case 15 books onhome candy making

Candy Making at Home


These manuals for candy making at home, from the 1880s, were published at a time when candy was becoming ever more abundant and cheap. All of them betray some anxiety about adulterated, commercially produced candy and send the message that making candy at home keeps the family safe from the unwholesome commercial article. This was a period of widespread food adulteration scandals, part of the consumer agitation that ultimately led to the first federal Pure Food and Drug Act.


In an era when reformers tried to persuade parents to restrict children's purchase and consumption of candy, warning that it would lead to adult vices like tobacco and alcohol, these books seek to make candy safe by bringing it under control in the home sphere. They promote candy making as a wholesome pastime, testifying to its rise as a genteel leisure activity.


We also see a whisper of the Colonial Revival in these manuals: most contain recipes for "Old-fashioned Molasses Candy" — the only recipes in which refined sugar does not predominate. The Colonial Revival's nostalgia for a virtuously homespun past manifested here as well as in architecture, art, and landscaping.

Candy Making at Home: Containing Full Directions for Making in Your Own Kitchen About Two Hundred and Fifty Different Kinds ... by One Who Has Tried It. 1884

"Adulterated Confectionery—In raising adulteration to the dignity of a science, says the Boston Commercial Bulletin, the manufacturers of confectionery have done their part...The cheaper candies, of which hundreds of tons are sold every year, contain some of the most deadly poisons known..."


Woman pulling candy on a candy hook

G.V. Frye. The Housewife's Practical Candy Maker ...Especially Adapted for Manufacture in the American Kitchen by G.V. Frye 1889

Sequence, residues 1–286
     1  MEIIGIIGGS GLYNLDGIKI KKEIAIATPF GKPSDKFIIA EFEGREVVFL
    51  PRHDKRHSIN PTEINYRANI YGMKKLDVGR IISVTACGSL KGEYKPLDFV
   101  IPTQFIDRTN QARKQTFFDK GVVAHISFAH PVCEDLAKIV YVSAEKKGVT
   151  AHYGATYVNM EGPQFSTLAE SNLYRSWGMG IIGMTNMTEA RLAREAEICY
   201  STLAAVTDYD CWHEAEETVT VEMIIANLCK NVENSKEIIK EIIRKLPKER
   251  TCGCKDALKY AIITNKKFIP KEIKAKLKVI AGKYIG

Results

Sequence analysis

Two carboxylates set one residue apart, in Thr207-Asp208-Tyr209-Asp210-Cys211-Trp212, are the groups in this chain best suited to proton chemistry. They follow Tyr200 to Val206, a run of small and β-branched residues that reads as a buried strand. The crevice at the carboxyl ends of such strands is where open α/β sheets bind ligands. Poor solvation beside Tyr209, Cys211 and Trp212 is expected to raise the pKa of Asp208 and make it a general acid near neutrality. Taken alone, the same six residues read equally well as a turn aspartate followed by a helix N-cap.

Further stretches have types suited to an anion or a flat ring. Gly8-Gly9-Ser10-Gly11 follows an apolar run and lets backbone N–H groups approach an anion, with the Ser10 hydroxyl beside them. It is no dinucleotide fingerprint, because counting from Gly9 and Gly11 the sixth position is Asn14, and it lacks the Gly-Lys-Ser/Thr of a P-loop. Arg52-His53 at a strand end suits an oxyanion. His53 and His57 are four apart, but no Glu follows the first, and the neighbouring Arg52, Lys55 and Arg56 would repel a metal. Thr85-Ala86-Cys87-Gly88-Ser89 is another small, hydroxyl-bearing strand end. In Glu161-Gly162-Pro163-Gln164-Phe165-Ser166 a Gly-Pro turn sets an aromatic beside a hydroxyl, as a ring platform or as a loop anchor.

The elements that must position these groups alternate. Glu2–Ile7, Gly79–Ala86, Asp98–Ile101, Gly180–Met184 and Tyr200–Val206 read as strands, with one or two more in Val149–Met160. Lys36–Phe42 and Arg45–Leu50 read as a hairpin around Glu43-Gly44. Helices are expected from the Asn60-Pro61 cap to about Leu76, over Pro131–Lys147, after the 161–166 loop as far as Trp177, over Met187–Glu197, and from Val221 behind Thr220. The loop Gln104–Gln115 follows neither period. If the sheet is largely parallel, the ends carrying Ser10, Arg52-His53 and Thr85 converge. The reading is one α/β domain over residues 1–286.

"There is scarcely a mother in the land who does not feel proud in having a choice supply of pure candies on Christmas, New Year's or the birthday for the 'little ones' but it is often difficult to procure goods that are fresh and pure in our smaller cities and towns..."

Sarah Tyson Heston Rorer Home Candy Making 1889

Sarah Tyson Heston Rorer, pioneer of Dietetics and perhaps the best known cooking teacher of her time, published numerous cookbooks both general and specialized throughout the late nineteenth and early twentieth centuries. This candy book promises to guide the beginner through the simplest kinds of homemade confectionery.


"This little book is the result of careful practice in teaching beginners how to make attractive, wholesome, and palatable varieties of home-made candies...The aim has been to meet the wants of the masses, who, from various causes, cannot obtain the best confections..."

The Correct Art of Candy-making. 1894

"Children will have candy, but the confectionery offered in many of the shops is adulterated to such an extent, and often with such injurious substances, that it is very unwholesome. Therefore mothers will find it both to their own and their children's interest to make for the little ones wholesome and delicious candies..."